Garry

    July 4, 2009 at 5:15 pm

  22. Steve_36

    The French Language was never threanted in the Province of Quebec, infact it was protected by the British under the Constitution Act of 1867. The Constitution act of 1867 Established both English and French Languages as Co-Official Languages of both the Dominion of Canada and it’s Province of Quebec. The Quebecois had no right to create such laws as Bill 101 (Charter of the French Language) and Bill 22 (Official Language Act) to discriminate against the English Language and to illegaly and unconstitutionaly remove it as an Official Language of the Province of Quebec. The Province of Quebec should return to being a Bilingual Province, just like the Province of New Brunswick and be a place that both English and French Languages are treated equaly and have the same rights and privileges under the law.

    Constitution Act of 1867
    Use of English and French Languages
    Section 133

    Either the English or the French Language may be used by any Person in the Debates of the Houses of the Parliament of Canada and of the Houses of the Legislature of Quebec: and both those Languages shall be used in the respective Records and Journels of those Houses: and either of those Languages may be used by any Person or in any Pleading or Process in or issuing from any Court of Canada established under this Act, and in or from all or any of the Courts of Quebec.

    The Acts of the Parlimanet of Canada and of the Legislature of Quebec shall be printed and published in both those Languages.

    Consitution Act of 1867
    http://www.solon.org/Consitutions/Canada/English/c_1867.html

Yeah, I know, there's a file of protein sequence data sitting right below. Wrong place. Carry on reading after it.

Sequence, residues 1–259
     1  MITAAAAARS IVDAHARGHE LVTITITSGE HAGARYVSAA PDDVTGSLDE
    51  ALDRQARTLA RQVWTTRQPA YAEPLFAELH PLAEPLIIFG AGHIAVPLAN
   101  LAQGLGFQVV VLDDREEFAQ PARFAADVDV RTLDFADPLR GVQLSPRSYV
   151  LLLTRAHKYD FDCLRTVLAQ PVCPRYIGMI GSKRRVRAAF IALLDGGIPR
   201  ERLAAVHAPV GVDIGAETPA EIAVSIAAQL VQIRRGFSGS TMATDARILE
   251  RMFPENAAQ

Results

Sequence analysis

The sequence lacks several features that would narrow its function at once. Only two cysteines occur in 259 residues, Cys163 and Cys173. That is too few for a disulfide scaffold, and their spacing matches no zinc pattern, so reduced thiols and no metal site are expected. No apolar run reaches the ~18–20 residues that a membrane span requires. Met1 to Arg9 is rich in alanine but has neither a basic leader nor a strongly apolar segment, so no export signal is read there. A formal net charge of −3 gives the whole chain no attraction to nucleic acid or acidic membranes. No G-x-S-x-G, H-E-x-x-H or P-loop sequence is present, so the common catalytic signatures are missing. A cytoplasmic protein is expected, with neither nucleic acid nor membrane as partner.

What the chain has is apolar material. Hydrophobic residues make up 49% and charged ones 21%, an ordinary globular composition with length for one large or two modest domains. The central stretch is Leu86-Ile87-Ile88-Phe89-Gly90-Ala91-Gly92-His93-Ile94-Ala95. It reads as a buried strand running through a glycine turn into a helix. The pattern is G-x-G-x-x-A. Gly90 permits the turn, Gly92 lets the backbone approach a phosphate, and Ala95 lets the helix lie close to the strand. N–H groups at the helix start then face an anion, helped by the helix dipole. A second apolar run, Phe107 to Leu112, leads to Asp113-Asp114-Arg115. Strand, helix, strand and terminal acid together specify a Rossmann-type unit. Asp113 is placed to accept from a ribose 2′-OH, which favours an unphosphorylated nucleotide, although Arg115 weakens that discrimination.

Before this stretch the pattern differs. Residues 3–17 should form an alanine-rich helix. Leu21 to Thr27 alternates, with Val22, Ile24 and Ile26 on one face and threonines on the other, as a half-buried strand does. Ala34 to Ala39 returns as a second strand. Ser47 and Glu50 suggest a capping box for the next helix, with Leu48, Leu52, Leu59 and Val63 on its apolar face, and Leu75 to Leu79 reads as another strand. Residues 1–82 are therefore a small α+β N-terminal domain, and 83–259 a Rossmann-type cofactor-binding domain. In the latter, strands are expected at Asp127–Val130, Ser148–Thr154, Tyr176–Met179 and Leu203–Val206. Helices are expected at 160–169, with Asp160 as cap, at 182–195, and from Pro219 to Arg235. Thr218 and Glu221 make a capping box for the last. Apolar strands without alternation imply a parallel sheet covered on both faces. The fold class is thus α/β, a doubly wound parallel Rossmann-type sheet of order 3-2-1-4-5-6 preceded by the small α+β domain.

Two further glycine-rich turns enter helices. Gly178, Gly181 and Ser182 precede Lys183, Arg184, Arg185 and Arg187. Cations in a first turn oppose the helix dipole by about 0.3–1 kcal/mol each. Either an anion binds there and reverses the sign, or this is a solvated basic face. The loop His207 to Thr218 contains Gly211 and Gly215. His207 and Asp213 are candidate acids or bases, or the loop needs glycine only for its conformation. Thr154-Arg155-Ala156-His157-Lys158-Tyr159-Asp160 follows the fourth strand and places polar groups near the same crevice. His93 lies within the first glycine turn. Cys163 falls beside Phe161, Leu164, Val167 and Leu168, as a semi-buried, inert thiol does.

The Demographics of the Province of Quebec must change. The Current Anglophone Population of the Province of Quebec is about 10% of the Province’s populaiton. The number of Anglo-Quebecers living in the Province of Quebec is far too low to ensure the security and protection of their community and of the English Language and in the best intrests of the Anglo-Quebecers that their population is restored to it’s 1827 demographic of 25% of the Province’s population (15% Increase). The Demographics of the City of Montreal also must change. The Current Anglophone Population of the City of Montreal is about 18% of the City’s population. The number of Anglo-Quebecers living in the City of Montreal is far too low to ensure it’s security and protection of their ocmmunity and of the English Language and in the best intreasts their population should be restored back to it’s 1842 demographic of 61% of the City’s population (49% Increase) and the Demographics of the City of Quebec must also change as well. The Current Anglophone Population of the City of Quebec is about 2% of the City’s population and this is the most shamefull number of them all and we should be disgusted that this was ever allowed to happen. The number of Anglo-Quebecers living in the City of Quehbec is a disgrace and is far too low and to ensure it’s security and protection and of the English Language and in it’s best intrests the population should be restored to it’s 1842 demographic of 43% of the City’s population (41% Increase).